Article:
Thank you to everyone who has been reading and following along with my adventures. For those who don't know, as part of my AVODAH year, I've been asked to fundraise to support their programs. Since 2002, AVODAH DC has placed 224 corps members in 44 front-line organization dedicated to changing the lives of individuals and community coping with challenges of poverty. AVODAH participants have added $4.2 million in staffing capacity to these agencies, and helped bring critical service and support to District residents.
Today is the last day to support my AVODAH fundraiser. I currently have 37 donors and was hoping to reach a goal of 40 donors. Thank you to everyone who has donated already, I really appreciate your support.
If you haven't donated yet, this is your chance! I'm asking for a one time-donation of any amount. I've been having an amazing time with AVODAH and I can say with absolute certainty that the work my friends and I are doing is making a difference in Washington DC.
To donate, follow this link:
Thank you again for reading and supporting.
Thursday, November 12, 2015
The day started out with a bang-- or rather, the threat of a bang. Moments after boarding my bus, a police car pulled us over and and the bus-driver was told to stop. Something about a bomb threat on 17th and I? Given DC is a small city (67 sq. miles), but we were pretty far from 17th and I, so most commuters were disgruntled at the interruption to their morning routine. We all filed out and started walking as did those on the bus right ahead of us. As we got closer, we found the streets blocked off, police cruisers everywhere. I asked everyone what was going on and someone asked a policeman. Apparently, there was a bank robbery and a suspicious package.
I just followed the large crowds down a side street, called my boss to say I'd be late to work, and continued on my way.
My morning routine goes something like this: I wake up and hit the snooze button 15 times. I'm working on changing this. My roommate has been a wonderfully positive influence.
I'm a pessimist in the mornings. I never want to get out of bed. I wake up, roll over and see a patch of grey sky through my window and announce to my roommate that it looks disgusting out. She then tells me how BEAAUUUTIFUL it is outside, and this convinces me to give the day a try. I then try and think positively, and get out of bed and the day is better. I also realize that it’s isn’t really sunny here. In Denver, it's sunny 300 days of the year, which usually means if it isn't sunny, it's gross out. That isn't true here. It can be grey out, but the weather might still be pleasant. Today wasn't that case though. It was raining and when I was evicted from the bus, I was thrust into a 45 degree drizzle.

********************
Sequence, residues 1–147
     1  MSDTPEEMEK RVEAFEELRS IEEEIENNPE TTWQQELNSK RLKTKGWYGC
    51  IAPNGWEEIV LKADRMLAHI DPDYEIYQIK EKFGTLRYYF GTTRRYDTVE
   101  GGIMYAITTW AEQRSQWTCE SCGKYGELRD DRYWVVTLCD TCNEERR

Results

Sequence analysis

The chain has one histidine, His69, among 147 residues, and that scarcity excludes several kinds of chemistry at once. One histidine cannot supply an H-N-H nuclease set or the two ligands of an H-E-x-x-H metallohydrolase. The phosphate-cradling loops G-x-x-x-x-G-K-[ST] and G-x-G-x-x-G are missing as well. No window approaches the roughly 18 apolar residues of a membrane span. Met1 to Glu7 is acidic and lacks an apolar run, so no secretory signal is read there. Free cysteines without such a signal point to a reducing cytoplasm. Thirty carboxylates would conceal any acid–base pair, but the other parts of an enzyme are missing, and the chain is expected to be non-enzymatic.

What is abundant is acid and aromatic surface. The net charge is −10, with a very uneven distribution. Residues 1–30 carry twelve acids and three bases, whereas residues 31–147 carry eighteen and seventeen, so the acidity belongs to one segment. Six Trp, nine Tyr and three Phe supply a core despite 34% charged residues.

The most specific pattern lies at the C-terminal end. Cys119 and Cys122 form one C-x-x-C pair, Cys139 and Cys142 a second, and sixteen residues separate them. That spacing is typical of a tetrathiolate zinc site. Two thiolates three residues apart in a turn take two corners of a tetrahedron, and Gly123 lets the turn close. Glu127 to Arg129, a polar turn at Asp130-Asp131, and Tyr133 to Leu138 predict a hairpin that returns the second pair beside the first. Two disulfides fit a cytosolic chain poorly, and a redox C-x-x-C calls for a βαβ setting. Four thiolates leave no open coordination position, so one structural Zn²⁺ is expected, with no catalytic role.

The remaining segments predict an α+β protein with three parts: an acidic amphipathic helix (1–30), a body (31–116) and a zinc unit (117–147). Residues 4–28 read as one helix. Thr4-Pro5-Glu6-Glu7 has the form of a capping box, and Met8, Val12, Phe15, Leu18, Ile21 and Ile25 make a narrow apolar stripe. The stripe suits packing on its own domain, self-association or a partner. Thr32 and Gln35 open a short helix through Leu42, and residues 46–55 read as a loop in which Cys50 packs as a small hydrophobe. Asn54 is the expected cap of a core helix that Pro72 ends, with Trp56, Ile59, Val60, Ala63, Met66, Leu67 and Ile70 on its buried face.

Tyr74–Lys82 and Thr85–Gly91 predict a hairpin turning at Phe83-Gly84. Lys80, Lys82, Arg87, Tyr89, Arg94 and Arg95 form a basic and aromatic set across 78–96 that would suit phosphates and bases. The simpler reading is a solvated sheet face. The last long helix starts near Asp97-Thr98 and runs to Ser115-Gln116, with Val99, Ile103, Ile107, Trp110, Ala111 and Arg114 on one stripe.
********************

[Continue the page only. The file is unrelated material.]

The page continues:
There was something so odd about the situation, a bomb threat seemed so far-fetched; None of the commuters I saw seemed to react other than to vent frustration at how they'd make their meetings and classes.
I forgot a step of my morning routine. I check my phone and read up on the day's news. My newsfeed is full of stories from Mizzou. Of students subjected to racists comments, and of bomb and shooting threats made to the people of color, specifically the black students, at Mizzou. I see posts about the church burnings in St. Louis, MO. In case you missed it, arsonists set fire to 7 black churches.
I see posts from my sister who has just started a blog, My Friends Are Living In Fear, detailing the stories of people currently living in Israel. As she says, on her about page:
"My friends are living in fear and I want the world to know their stories. I want to combat silence, ignorance and apathy.I welcome stories from Jews and non-Jews alike. Fear knows no politics.My friends are living in fear. I’m sharing their stories.What will you do?"
My sister has heard sirens and gone into bomb shelters before.
And here I am, in Washington DC, privileged enough to laugh off a bomb threat. Privileged enough to not know violence. This is not a privilege I ever hope to give up, but it is one I like to acknowledge. I live in a safe neighborhood in a safe city, in a safe country. I can choose to live in a "bad area" of town to take advantage of cheaper rent, but also leave that area if I ever feel unsafe thanks to my race and class privilege. This is not a luxury all of my clients at work enjoy and it's important to remember. And that’s all I have to say.
I hope tomorrow is a wonderful day for all of you. I’m sure I’ll wake up and complain about the grey sky, before my roommate reminds me what a BEAUUUTIFUL day it really is.